Titanfall is not just Call of Duty with mechs. Not quite.
While that would be an apt top-level description, it does not fully encompass what Titanfall is and what it manages to do. Respawn has managed to breathe new life into first-person shooters for the second time and it’s beautiful. And as the saying goes, beauty goes beyond the Titan’s armor.
Titanfall does indeed take many aspects from Call of Duty. It runs at a (mostly) stable 60 frames per second and the shooting feels remarkably similar, all the way down to the “X” in the reticle will your bullets connect with a target. Aiming down the sights, “knifing” (jump-kicking in Titanfall), and shooting all feel familiar and satisfying.
There’s also a leveling system and unlocks for weapons, abilities, and attachments. It’s simpler than Call of Duty’s and there are fewer guns and other unlocks, but it never feels limited or limiting. Each weapon, to my experience so far, feels balanced. I’ve yet to get the impression that any one weapon is overpowered and that includes the Smart Pistol, which locks on to targets when aimed in their general direction.
What sets Titanfall apart are its namesake Titans (I’ll get to those in a second) and the parkour-style movement. Pilots in Titanfall have a ridiculous amount of freedom. They have unlimited sprint, a double jump, wall runs that can be chained to increase speed, can mantle over ledges, and take no fall damage. Titanfall not only unlocks the potential of vertical gameplay, but it allows players to do so at breakneck speeds. All of the sudden, players not only need to watch their back, but literally all around them, as someone could be doing a Spider-Man style wall-cling above them, waiting for an unsuspecting Pilot to run by.
The Titans, in contrast, have less flexibility. They’re not exactly lumbering, but due to their size, they can’t go everywhere the Pilots can. The Titans are powerful, but also vulnerable; a single Pilot has the ability to take down a Titan, either by jumping on its back and shooting a weak point (called Rodeoing) or using their Anti-Titan weapon that all Pilots have available to them. The Titans provide a fun alternative to the typical shooting gallery gameplay and the blend of Titans, Pilots, and NPCs make for an interesting and lively mix.
The best part? At some point, everyone gets to call their Titan at least once. Each match (aside from Last Titan Standing games) begins with a timer that counts down until you’re able to call in your Titan and taking out AI, other Pilots, or Titans decreases that time. Once your Titan is ready, you can call it in and let the mayhem begin. You can choose to board your Titan or have it fight alongside you in Auto-Titan mode. Your Titan can be commanded to guard an area or follow you around the map. If you’re in your Titan, you can exit at any time. Point is, you have plenty of options and it depends entirely on how you want to fight.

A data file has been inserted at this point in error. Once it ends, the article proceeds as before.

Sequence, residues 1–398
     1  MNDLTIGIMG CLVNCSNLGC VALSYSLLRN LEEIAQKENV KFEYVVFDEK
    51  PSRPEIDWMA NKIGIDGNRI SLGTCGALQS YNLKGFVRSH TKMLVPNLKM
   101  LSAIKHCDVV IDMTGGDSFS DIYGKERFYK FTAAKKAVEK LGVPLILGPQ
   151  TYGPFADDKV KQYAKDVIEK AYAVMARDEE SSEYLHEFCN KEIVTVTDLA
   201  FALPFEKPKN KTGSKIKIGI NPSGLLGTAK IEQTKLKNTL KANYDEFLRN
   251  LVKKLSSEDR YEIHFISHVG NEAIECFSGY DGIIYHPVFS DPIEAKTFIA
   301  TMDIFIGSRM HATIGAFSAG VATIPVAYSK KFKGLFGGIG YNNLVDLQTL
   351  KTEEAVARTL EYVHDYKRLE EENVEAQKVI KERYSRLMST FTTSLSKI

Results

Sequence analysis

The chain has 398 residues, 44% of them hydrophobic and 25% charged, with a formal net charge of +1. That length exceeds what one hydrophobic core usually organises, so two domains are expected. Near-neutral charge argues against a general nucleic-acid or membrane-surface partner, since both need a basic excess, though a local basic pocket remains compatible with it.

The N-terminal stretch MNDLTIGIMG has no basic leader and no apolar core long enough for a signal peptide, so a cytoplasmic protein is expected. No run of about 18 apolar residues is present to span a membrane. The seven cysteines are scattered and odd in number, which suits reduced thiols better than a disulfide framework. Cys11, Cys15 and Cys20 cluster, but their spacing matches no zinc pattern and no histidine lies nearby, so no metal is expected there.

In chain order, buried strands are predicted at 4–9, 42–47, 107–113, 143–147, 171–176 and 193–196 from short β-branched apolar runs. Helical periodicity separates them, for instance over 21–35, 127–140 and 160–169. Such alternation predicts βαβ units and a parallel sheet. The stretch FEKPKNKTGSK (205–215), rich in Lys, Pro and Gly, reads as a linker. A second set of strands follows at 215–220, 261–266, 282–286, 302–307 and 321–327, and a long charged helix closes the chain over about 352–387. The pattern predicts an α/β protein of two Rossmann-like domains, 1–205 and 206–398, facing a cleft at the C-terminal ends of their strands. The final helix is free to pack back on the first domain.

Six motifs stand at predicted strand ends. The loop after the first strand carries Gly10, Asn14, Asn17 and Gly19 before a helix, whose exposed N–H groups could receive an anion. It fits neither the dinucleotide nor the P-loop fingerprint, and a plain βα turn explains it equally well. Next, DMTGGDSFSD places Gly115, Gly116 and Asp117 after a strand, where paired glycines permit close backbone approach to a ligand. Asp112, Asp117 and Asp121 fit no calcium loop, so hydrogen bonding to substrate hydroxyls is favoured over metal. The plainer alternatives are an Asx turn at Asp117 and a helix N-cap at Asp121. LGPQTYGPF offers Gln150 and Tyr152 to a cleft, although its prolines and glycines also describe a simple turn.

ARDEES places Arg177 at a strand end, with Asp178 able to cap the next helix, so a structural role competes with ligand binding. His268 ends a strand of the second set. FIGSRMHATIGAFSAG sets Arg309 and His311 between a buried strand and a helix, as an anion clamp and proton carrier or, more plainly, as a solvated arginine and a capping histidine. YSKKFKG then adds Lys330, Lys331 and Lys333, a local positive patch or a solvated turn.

Despite only being 6v6, Titanfall’s 15 maps never feel dead or empty. Titans take up huge swaths of the battlefield, Pilots can cover distances in a hurry, and there are plenty of AI characters constantly being dropped into the fight. While they can kill you, they’re generally not a real threat. They’re meant to be farmed. Killing AI-controlled Grunts and Spectres contributes to your XP gain, challenges, Titan build time, and team score (in certain modes), so they do play an important role. Even when you’re having a bad match or just aren’t very skilled, taking out Grunts is still a great way to contribute and have fun doing it. Jump-kicking Grunts is more fun than it should be.
All this madness can result in some slight performance hits. There have been times with multiple Titans fighting at once that have results in framerate drops, typically lasting a second or two. In my experience, they’ve been infrequent but noticeable, as matches move at such a frantic pace. I’ve heard some have experienced screen tearing, but I have not experienced or noticed it, so your mileage may vary.
There is also room to grow; Titanfall only has a few game modes. Each playlist is a pretty standard variation of what you’re used to: Capture the Flag, holding capture points, and a couple iterations of Team Deathmatch. Sorry, no special modes like “Cranked” or “Grifball” here. The “campaign” is almost not worth mentioning. The story it tries to tell quickly becomes white noise, drowned out by the sounds of combat.
I’ve never been a huge fan of the Call of Duty model – spawn, shoot, die – but Titanfall mitigates that complaint with spacious, well-designed maps and plenty of fodder to mow down. Any player can enjoy Titanfall, winning or losing. Fun factor is important for any multiplayer game to have legs, and especially so for one that doesn’t have a single-player mode to fall back on. Thankfully, Titanfall has those legs, and you can call in two more.
Available on Xbox One (reviewed), Xbox 360 (release: 4/8/14), PC
Dev: Respawn Entertainment
Buy: Titanfall (Amazon)
Full disclosure: Approximately 15 hours were spent playing this game. At the time of writing, I was level 46.